Let there be lights … and safety for cyclists

City of Lights, a program of the L.A. County Bicycle Coalition (LACBC), is hosting a fund-raising dinner tonight. It’s open to the public and tickets will be available at the door. (Details below.) But even if you’re not in the mood for a nice night out there’s something to be admired in the simplicity of this program, which was launched in 2009 and has now reached about 600 people in need, many of them Latino.

The original thought was that many bike riders in L.A. County use their bicycles not for getting in shape but because they can’t afford cars. Those are riders who probably can’t afford the equipment useful for staying safe on the crazy streets of our city. These same bike riders could probably use a lesson on how to stay safe on the road, as well as what their rights are as bicyclists. Maybe they don’t even know they have rights.

City of Lights started by giving away bike safety helmets and lights. It now has branched out to teaching bike safety classes for free to anyone interested. At the end of the lesson they usually pass out helmets and lights to participants. Metro kicks in bike maps, circle lights and tire patching kits.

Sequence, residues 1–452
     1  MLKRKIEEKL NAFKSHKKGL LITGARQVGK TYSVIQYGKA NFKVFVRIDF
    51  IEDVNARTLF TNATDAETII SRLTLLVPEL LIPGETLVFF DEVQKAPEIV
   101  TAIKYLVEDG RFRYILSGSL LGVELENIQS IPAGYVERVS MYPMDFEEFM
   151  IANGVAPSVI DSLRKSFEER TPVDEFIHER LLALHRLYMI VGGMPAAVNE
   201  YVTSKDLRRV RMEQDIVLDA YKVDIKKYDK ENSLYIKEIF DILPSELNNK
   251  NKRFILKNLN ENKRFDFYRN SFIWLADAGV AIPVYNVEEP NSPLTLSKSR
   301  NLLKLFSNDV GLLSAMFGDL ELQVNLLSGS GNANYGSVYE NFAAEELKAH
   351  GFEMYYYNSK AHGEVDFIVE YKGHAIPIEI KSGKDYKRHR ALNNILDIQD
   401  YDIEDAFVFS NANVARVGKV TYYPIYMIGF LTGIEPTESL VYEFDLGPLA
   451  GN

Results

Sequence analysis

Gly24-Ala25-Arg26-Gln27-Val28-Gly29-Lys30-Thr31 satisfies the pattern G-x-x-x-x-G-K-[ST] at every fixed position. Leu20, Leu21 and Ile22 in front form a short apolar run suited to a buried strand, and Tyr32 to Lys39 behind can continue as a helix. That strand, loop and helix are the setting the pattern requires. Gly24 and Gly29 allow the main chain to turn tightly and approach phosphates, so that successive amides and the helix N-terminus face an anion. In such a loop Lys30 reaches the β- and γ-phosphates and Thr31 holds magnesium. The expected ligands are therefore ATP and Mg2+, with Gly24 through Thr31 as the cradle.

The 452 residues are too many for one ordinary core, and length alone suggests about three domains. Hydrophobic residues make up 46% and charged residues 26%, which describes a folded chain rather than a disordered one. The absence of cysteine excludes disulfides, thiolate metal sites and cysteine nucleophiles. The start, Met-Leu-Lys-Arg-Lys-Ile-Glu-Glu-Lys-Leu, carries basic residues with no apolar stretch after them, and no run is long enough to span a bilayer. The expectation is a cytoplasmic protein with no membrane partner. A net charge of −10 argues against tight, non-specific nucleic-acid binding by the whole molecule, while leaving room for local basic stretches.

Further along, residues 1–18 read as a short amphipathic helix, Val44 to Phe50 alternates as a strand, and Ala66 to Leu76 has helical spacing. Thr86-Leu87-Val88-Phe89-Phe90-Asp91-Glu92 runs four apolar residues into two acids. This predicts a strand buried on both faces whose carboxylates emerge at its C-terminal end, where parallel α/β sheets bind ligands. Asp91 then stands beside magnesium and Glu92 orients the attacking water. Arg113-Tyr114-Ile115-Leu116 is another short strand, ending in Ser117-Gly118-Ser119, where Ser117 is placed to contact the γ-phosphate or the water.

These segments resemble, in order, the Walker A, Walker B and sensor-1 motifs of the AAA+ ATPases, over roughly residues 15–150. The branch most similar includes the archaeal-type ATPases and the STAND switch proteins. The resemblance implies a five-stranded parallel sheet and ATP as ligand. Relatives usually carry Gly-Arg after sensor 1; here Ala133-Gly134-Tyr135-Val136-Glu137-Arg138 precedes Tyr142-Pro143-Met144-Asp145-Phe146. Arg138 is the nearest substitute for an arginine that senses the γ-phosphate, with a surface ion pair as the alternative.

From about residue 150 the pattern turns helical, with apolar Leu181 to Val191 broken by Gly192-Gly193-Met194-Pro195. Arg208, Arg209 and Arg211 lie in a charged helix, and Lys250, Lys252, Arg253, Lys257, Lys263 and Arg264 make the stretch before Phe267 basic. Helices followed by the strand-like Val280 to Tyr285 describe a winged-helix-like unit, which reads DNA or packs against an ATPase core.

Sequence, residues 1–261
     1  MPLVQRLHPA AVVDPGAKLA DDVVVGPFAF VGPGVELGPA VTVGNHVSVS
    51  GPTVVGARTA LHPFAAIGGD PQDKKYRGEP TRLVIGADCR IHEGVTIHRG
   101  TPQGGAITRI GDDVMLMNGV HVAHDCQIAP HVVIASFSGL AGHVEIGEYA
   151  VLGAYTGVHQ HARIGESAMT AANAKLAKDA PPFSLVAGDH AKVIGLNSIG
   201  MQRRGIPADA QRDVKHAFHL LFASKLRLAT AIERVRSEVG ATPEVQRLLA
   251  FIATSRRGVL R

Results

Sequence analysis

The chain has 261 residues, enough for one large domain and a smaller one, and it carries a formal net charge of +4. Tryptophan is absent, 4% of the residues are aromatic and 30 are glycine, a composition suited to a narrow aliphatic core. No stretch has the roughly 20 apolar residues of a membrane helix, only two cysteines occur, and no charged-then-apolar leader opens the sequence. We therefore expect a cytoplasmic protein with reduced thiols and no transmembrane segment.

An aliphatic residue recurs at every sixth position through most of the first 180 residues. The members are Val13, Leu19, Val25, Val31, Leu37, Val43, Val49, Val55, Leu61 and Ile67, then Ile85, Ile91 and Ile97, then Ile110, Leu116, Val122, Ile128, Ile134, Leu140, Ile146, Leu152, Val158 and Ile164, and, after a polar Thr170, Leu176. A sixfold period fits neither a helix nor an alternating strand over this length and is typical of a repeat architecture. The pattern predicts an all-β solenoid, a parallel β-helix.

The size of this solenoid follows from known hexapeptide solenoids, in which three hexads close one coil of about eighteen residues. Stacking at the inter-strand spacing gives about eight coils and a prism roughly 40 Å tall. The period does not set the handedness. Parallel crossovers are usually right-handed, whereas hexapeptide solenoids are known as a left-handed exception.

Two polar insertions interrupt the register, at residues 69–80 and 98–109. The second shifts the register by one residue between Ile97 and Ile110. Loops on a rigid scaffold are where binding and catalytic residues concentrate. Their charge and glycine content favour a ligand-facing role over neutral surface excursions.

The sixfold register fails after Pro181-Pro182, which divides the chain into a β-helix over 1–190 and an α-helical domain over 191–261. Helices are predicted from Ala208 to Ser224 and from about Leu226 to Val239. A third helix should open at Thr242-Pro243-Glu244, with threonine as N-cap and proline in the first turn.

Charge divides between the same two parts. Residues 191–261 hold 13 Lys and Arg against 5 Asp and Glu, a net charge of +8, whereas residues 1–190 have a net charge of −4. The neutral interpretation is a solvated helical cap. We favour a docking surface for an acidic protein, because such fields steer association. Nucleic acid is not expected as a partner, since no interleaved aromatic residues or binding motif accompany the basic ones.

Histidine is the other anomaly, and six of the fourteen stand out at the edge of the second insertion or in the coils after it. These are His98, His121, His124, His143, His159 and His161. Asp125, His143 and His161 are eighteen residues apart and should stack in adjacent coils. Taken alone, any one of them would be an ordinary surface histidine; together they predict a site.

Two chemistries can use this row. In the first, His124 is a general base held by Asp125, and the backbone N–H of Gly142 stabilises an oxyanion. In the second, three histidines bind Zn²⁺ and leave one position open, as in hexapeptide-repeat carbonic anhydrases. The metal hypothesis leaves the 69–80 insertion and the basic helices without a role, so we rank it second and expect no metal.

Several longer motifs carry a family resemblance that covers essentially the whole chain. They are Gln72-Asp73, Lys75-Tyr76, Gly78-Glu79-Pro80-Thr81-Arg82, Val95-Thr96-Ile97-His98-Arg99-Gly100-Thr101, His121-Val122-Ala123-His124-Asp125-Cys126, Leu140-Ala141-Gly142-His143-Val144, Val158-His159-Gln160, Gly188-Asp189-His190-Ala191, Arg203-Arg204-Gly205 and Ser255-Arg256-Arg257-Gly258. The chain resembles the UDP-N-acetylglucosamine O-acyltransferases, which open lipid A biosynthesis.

The classes are offered about once a month in various venues around town. It’s so low key there’s no schedule posted on the LACBC website, but one of the folks in charge has volunteered to take calls from anyone interested. And yes, the classes are offered in Spanish.

So if you want to learn more about bike safety contact Andy at 323-317-7847.  But don’t go if you can afford your own light. Go if you need assistance.

And if you’re interested in the dinner here are the details: 2nd Annual City of Lights Award Dinner; La Fonda Super Club, 2501 Wilshire Blvd. Los Angeles, 6 p.m. to 6:30 p.m. VIP Reception; 6:30 to 8 p.m. Dinner; 9 p.m. to 1:30 a.m. Music & Dancing.



1 reply

  1. I’m all for bicycle safety. With many bicyclists these days, there are just as many who fail to do simple safety precautions that were originally taught back in school when I was a kid.

    Things like wearing light colored or reflective gear when cycling at night, using common sense to avoid lane splitting between two massive vehicles, watching out for hazards on the road, and being courteous to others.

    Especially the latter; it’s becoming the most common form of morale lacking these days. At least a courtesy or an excuse me, or an apology would be appreciated when they shove their wheels to other passengers on the train. I understand that bicycles are big and needs to be carried around, but that’s not an excuse to just shrug off running over my feet or shoving bicycle tire tread marks onto my shirt.